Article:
I've observed that when someone wants to say 'poor thing', they say something like 'kawaii sonna' and I know that kawaii means cute. Can someone please explain? Thanks.
You are mixing i-adjective かわいい (kawaii, "cute, lovely") with na-adjective かわいそう (kawaisō, "poor, pitiful"). These are simply different, although they share the same etymology. かわいい（かはゆし） actually meant 'pitiful' in old Japanese, but there was a shift in meaning many years ago.
We say おいしそう (oishi-sō, "looks yummy"), たのしそう (tanoshi-sō, "looks amusing"), etc., but we don't say かわいそう to mean "looks cute", because it's confusing. Basically whenever you hear かわいそう (kawaisō), that must mean "poor".
For more information, please refer to this question.
Well, I'm not an expert on Japanese, but as a Chinese who is learning Japanese, I'd like to offer something from this perspective.
The dictionary says かわいい can be written as 可愛い while かわいそう can be written as 可哀相. For a Chinese this seems quite straight-forward. You see, in Chinese, 愛 means "love" and 哀 means "pity", and these two characters have the same pronunciation "ai", except for a difference in tone. Since Japanese doesn't have the tone system of Chinese, it is natural that they are pronounced identically in Japanese.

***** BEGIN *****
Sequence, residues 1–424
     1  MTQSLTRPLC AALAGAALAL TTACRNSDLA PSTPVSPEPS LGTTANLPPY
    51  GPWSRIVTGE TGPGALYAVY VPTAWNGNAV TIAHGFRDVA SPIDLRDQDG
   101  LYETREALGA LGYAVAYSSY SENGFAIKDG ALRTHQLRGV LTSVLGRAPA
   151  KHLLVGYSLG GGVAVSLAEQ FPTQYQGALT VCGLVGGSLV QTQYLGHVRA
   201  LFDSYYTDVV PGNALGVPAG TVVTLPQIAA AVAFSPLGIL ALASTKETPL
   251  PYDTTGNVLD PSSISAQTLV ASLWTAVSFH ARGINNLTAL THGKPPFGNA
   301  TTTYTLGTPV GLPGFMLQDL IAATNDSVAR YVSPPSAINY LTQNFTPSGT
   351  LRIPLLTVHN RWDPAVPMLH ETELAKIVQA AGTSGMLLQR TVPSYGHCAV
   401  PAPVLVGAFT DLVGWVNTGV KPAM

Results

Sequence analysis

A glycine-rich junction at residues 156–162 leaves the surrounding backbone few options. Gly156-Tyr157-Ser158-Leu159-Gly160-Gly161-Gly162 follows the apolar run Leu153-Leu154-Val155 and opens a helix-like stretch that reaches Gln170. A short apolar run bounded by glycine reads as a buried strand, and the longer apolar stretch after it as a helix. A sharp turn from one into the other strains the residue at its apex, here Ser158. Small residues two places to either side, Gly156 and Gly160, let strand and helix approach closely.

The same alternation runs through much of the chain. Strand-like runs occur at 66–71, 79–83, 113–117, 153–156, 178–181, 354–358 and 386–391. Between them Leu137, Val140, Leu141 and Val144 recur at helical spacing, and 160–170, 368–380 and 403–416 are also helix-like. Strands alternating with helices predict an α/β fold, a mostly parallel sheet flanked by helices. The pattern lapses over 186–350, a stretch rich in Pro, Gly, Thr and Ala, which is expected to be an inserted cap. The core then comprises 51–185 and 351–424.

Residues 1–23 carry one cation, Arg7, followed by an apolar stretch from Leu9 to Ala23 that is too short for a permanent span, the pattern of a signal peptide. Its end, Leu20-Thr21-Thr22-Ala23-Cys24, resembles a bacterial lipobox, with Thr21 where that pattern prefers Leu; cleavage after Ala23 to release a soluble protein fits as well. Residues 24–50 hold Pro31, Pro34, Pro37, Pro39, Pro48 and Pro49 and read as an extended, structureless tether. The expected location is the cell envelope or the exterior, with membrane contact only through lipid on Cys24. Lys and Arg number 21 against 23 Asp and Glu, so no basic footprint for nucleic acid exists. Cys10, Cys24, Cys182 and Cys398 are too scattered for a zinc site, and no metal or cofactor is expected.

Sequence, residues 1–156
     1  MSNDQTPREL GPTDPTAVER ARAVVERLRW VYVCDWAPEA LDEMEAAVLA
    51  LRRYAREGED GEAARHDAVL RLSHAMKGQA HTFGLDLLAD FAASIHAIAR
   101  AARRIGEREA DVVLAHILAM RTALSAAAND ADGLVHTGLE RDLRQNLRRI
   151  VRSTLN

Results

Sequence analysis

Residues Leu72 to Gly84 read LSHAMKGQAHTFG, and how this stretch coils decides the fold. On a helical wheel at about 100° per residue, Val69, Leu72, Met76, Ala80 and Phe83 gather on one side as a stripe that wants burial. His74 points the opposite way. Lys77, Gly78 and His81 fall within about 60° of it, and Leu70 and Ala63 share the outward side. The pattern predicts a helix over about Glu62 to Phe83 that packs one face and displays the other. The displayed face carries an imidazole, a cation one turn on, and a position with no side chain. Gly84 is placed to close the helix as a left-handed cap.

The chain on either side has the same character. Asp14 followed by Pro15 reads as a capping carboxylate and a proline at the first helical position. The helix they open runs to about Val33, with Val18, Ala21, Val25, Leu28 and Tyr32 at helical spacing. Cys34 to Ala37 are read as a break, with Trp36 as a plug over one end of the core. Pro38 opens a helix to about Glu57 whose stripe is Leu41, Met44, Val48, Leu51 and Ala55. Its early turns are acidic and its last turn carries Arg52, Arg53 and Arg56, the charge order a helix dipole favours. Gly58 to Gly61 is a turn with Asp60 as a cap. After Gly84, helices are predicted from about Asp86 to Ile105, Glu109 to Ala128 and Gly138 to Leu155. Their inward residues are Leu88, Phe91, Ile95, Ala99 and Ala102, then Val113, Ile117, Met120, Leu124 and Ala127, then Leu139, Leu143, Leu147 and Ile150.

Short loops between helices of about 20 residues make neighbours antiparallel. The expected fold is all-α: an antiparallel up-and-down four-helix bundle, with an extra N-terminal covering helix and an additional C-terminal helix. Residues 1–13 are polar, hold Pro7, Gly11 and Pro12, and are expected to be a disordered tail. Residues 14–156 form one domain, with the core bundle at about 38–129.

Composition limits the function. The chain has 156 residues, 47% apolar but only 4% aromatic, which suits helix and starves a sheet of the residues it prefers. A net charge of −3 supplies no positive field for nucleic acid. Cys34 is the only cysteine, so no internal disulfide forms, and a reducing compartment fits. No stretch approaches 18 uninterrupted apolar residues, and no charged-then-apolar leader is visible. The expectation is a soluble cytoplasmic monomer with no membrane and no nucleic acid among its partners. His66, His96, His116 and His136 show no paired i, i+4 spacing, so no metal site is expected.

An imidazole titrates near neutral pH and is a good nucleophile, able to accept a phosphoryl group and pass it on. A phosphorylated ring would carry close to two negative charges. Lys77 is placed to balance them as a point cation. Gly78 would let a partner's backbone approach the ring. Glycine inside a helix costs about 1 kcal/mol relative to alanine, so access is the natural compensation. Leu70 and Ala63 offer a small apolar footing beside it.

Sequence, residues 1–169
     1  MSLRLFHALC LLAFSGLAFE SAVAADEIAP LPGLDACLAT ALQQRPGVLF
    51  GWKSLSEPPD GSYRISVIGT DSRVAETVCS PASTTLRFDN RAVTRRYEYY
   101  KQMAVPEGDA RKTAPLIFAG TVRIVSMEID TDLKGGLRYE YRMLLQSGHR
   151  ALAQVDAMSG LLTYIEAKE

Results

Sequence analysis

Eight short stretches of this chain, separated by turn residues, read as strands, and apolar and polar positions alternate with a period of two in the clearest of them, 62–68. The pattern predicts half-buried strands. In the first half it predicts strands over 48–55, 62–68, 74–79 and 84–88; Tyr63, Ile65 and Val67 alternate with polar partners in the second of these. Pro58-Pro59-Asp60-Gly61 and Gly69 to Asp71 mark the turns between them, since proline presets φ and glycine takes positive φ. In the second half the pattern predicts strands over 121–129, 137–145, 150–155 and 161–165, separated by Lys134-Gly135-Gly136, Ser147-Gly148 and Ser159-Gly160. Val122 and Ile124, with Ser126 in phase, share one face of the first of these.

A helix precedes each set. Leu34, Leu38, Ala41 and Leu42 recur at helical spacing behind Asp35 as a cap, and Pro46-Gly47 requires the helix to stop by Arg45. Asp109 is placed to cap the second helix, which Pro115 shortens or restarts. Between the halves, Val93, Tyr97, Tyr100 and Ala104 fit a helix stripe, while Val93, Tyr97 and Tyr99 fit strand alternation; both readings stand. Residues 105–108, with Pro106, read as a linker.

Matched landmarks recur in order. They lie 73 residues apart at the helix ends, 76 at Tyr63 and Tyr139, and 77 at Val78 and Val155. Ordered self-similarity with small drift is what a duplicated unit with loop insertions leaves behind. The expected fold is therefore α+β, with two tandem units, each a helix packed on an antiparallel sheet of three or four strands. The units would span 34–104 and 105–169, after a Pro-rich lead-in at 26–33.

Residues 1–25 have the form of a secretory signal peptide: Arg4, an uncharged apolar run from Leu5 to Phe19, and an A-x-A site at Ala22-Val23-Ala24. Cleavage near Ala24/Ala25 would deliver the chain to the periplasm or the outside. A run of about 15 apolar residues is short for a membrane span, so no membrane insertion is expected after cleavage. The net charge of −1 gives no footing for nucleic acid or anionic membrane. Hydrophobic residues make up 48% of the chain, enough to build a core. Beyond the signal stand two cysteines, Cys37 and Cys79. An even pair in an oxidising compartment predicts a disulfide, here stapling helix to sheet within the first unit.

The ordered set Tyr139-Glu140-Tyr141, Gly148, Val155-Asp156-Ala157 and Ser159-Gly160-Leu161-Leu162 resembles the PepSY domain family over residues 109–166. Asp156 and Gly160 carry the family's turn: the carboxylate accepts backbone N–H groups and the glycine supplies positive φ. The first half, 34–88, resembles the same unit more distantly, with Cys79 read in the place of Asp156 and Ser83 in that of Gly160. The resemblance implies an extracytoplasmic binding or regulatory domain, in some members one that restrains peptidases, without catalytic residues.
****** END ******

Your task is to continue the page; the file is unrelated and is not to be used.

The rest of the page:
By the way, 可/か means "-able", therefore 可愛 is "lovable, cute" and 可哀 is "pitiable, poor". 相/そう means "look, appearance".
These two words, in the eye of Chinese people, totally look like loan words / calque / words created by Japanese people using Chinese word roots. But again, I'm not an expert in Japanese etymology. They and their Chinese counterparts certainly could be just false friends.
To be specific, what sounds like "Kawaii sonna" is probably acually "kawaisou na". Kawaisou, as explained, means pitiable and na is similar to ne, but is more informal and gives the sentence slightly more of an exclamatory feel.
Compare "atsui na", frequently used in hot weather, and meaning essentially "Gosh, it's hot isn't it".